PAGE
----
FIGURE C. Laubieriellus cacatua  sp. nov., left branchiae missing from chaetigers 2 and 4, right branchiae missing from chaetiger 5. Branchial scars and other damaged or obscured structures are denoted by dashed lines. Some chaetae are shown to demonstrate their placement, but are not to scale. Scale: 250µm ( NMVAbout NMV F245553).

FIGURE D. Laubieriellus cacatua  sp. nov., scale: 200µm (holotype, NMVAbout NMV F242821).

FIGURES E–G. Laubieriellus cacatua  sp. nov. E. Anterior end, dorsal view, pigmented eye-spots visible, scale: 500 µm ( NMVAbout NMV F245555) F. Anterior end, dorsolateral view, scale: 200µm ( NMVAbout NMV F167451) G. Terminal view, pygidium, scale: 200µm ( NMVAbout NMV F245556).

Paratypes. 0.2–0.4 mm wide, 2.9–6.9 mm long with 43 chaetigers. Eyes absent from most specimens, but a pair of lightly pigmented eye-spots can be seen in some specimens (Figure E). Dorsal crests commence on chaetigers 6–7 and end on chaetigers 9–11. Ventral crests start on chaetiger 2 and continue to chaetigers 6–12. Branchiae are present from chaetigers 2–4 to chaetigers 4–5. No specimen possesses a full set of branchiae, but we infer that the branchial distribution is from chaetigers 2–5. Neuropodial multidentate hooded hooks from chaetiger 10 and ventral sabre chaetae from chaetigers 10–11. No ontogenetic variability in taxonomically significant characters was observed within the size range of specimens studied.

Remarks. Laubieriellus cacatua  sp. nov. can be distinguished from the other two species in this genus, Laubieriellus grasslei  and Laubieriellus salzi  as follows (Table A). The caruncle of L. cacatua  sp. nov. is shorter and wider than that of the other species, extending to the anterior end of chaetiger 2. Laubieriellus grasslei  and L. salzi  have a longer, narrow caruncle extending to chaetiger 3. Laubieriellus cacatua  sp. nov. possess simple, cirriform branchiae, lacking cilia and longest on chaetiger 5, but branchiae are heavily ciliated in L. salzi  and L. grasslei  . Branchiae are longest on chaetiger 2 in L. salzi  , decreasing in size posteriorly. In L. grasslei  , branchiae are equal in size or the anterior pair is slightly longer than posterior pairs. Dorsal crests are first present on chaetiger 6 in L. cacatua  sp. nov., but on chaetiger 7 in L. grasslei  and L. salzi  .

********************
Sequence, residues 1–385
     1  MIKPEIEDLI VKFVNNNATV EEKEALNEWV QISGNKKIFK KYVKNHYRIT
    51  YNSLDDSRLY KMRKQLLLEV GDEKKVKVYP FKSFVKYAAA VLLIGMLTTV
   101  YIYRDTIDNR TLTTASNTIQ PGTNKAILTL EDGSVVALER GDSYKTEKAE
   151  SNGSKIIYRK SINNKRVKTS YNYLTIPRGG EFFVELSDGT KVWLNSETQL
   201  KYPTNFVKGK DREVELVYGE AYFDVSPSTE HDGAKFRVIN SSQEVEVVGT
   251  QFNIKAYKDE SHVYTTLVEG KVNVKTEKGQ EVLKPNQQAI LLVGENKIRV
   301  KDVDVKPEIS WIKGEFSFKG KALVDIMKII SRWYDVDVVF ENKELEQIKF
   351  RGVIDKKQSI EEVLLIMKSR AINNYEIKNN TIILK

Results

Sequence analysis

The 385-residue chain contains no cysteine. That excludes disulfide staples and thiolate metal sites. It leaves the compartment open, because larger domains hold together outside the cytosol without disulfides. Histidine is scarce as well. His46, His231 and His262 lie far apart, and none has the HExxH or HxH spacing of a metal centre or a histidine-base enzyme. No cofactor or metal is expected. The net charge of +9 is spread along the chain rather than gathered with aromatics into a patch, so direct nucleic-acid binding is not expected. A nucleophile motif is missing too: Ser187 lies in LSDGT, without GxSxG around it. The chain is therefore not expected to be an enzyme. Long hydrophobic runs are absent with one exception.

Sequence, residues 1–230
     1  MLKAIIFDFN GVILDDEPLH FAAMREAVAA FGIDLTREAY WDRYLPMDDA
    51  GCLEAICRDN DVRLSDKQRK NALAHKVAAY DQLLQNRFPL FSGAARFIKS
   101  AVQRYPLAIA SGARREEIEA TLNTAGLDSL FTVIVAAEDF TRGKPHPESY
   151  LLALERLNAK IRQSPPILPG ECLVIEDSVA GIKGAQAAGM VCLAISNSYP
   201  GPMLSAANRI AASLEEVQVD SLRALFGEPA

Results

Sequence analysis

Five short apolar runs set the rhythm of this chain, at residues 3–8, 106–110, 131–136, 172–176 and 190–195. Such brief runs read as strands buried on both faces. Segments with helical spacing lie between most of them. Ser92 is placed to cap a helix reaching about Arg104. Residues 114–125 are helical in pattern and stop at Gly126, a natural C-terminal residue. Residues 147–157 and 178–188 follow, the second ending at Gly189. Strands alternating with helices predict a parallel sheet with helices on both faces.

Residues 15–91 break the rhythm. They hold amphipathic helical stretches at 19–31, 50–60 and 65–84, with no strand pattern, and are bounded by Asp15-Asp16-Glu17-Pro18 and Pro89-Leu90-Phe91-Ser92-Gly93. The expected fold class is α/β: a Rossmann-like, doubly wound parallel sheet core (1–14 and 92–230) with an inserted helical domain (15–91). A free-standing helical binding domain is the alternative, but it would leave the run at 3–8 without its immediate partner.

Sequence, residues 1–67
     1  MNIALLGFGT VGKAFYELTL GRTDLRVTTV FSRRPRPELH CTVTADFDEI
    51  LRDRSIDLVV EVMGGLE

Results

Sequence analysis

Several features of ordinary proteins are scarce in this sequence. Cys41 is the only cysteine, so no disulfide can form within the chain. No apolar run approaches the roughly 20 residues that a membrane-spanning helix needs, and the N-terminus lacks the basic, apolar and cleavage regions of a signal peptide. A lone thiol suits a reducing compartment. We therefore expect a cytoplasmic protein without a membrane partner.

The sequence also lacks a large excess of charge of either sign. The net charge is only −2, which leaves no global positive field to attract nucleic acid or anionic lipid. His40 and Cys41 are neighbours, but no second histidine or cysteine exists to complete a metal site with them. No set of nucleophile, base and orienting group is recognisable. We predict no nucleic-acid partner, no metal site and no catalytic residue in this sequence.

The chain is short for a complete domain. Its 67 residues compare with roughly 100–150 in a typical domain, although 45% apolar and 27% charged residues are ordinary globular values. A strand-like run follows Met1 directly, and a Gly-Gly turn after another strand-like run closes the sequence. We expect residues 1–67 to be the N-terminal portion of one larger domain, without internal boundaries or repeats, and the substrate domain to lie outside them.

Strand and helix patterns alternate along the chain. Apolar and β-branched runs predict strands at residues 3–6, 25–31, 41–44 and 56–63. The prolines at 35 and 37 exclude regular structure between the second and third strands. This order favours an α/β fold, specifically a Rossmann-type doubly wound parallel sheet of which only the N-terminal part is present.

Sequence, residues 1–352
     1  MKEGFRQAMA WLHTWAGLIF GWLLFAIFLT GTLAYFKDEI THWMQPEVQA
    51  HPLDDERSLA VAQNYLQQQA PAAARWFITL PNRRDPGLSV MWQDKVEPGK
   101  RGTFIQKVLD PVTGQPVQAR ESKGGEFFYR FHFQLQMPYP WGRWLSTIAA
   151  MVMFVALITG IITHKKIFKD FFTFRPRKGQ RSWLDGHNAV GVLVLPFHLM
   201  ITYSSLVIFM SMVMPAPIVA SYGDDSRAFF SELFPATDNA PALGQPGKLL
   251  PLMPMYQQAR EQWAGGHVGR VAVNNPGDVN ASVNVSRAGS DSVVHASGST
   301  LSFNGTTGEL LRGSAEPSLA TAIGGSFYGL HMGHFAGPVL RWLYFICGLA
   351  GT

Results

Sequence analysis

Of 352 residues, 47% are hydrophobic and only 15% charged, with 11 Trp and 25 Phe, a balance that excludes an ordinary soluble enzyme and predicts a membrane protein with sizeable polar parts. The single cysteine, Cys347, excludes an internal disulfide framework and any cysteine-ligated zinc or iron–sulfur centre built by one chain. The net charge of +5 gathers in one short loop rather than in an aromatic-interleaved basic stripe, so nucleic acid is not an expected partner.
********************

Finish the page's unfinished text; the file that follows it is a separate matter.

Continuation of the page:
The three species may also differ by the number of teeth present on the neuropodial hooded hooks. It seems that L. cacatua  sp. nov. has two rows of accessory teeth on neuropodial hooded hooks, as is the case in many species in the Prionospio  -complex ( Blake and Kudenov 1978). Scanning electron microscopy failed to reveal the arrangement and number of accessory teeth, since they are always concealed under the hood, which is opaque under SEM. Despite many light microscopy preparations, we were unable to observe any views of the hooded hook other than the lateral view. The hood itself, even though slightly translucent under the light microscope, still obscures some detail of the apical accessory teeth. Figure K shows all the detail that is visible under light microscope. We were unable to observe the hood in frontal view, but we assume that the apical teeth are in pairs, as present in the other species, so we have drawn what is visible in lateral view. We observed at least two apical teeth above the main tooth, but it is plausible that there is a third, even smaller pair of teeth at the apex of the hook. The number of rows of accessory teeth is also unclear in L. salzi  : the text and figures of Laubier (1970) and Dagli (2013) contradict one another. According to the original description by Laubier (1970), L. salzi  has 2 pairs of accessory teeth, although on some chaetae a third pair of minute teeth are visible dorsally. Dagli (2013) states that L. salzi  has 4 pairs of accessory teeth. It is not surprising that these details of hooded hooks are ambiguously described, the structures are extremely small and difficult to observe. We were unwilling to continue experiments with destructive observation methods since the species can be distinguished using the easily observed characters listed above. In Australian samples, Laubieriellus cacatua  sp. nov. is immediately recognisable as the only known Australian spionid with prominent ventral crests.